“Today the talk of the world is about an endangered Earth. One often wonders how much of the talk is backed with genuine concern and the will to take positive steps. But it should not surprise the world that artists are in the forefront of the discussion on the environment.”
Eco-feminist artist Ann T. Rosenthal and activist artist Steffi Domike have been collaborating on environmental installations for years. Their wall installation, Watermark: Wood, Coal, Oil, Gas (2011) consists of four panels that illustrate an evolutionary timeline of energy resources—wood, coal, oil and natural gas.
Dominique Mazeau is a poet and artist from Santa Fe, New Mexico. She has made an exquisite journal of poems and drawings of cleaning up the Rio Grande River over many years. She has made sculptures from the trash and she teaches school children about the river with her poems and her art.
There are many more Eco-feminist and Environmentalist/Activist artists such as Charla Puryear and Helene Aylon using their art to raise awareness of ecological issues. These few examples alone demonstrate that art, in its myriad of forms, has the capacity to effect positive change on the earth and its environments.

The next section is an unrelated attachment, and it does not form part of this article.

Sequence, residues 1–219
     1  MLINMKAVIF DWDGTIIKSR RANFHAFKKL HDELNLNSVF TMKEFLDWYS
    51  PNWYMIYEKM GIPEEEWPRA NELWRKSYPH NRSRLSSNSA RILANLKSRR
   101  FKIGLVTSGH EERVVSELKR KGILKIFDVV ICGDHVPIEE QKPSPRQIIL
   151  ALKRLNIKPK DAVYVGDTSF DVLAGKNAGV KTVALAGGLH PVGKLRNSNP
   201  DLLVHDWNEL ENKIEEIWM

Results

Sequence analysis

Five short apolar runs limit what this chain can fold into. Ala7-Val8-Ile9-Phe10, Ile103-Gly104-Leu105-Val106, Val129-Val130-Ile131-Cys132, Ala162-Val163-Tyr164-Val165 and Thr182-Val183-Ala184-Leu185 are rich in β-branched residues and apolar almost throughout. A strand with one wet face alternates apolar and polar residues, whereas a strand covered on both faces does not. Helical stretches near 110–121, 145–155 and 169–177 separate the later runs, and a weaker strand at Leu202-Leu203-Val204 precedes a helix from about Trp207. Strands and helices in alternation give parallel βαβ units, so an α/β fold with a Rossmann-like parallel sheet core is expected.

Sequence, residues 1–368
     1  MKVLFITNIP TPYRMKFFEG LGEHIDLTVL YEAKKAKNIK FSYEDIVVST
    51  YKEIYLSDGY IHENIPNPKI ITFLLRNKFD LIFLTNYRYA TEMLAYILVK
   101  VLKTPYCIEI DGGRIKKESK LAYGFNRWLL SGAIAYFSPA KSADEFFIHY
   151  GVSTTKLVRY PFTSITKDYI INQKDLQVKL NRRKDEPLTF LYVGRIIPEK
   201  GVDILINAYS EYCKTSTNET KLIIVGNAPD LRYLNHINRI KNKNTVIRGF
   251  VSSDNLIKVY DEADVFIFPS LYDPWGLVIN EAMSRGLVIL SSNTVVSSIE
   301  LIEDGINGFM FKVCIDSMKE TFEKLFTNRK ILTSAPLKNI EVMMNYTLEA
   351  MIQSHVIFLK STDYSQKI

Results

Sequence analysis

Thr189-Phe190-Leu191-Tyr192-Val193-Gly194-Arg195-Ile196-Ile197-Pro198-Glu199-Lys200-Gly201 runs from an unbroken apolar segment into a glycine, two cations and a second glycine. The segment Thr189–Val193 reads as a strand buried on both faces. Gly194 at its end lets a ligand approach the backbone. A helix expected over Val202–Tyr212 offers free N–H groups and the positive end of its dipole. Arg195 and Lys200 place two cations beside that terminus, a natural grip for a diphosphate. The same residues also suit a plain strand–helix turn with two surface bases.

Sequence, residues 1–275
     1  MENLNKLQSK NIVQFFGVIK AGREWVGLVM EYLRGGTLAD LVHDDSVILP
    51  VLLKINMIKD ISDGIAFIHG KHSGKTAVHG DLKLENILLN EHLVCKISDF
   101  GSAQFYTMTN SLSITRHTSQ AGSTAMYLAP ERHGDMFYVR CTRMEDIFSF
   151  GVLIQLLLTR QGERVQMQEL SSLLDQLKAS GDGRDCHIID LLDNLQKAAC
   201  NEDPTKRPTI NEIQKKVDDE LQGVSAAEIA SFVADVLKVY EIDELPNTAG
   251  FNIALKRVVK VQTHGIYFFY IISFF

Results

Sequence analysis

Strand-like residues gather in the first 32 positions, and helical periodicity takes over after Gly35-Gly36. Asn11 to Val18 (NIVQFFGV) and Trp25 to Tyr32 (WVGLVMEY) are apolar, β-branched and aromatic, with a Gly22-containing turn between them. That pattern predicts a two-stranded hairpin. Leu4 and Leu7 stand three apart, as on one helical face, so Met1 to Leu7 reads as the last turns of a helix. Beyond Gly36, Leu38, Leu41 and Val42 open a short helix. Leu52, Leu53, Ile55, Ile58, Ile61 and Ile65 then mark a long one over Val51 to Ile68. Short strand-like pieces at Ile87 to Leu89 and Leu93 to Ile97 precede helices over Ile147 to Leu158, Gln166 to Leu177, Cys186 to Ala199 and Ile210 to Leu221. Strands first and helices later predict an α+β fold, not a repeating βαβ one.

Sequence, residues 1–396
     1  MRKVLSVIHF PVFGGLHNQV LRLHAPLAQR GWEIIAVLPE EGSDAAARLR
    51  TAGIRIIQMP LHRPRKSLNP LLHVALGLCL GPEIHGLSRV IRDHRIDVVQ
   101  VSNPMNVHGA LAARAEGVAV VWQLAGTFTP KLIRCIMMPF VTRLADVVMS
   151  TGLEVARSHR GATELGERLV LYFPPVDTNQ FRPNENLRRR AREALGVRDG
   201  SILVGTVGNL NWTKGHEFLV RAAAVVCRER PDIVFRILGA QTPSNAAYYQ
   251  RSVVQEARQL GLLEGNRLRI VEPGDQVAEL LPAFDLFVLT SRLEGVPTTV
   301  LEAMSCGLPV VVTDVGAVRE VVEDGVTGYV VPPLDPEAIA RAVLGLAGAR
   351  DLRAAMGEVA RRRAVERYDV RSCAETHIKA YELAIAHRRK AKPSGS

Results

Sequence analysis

Artists are catalysts for change, and this “change” takes place when we feel deeply for a precious cause. I feel deeply for the state of the earth and feel that it is largely humanity’s spiritual disconnection from the earth and from the earth as sentient that has contributed to the current state of not only the health of the earth body, but also the health of our bodies.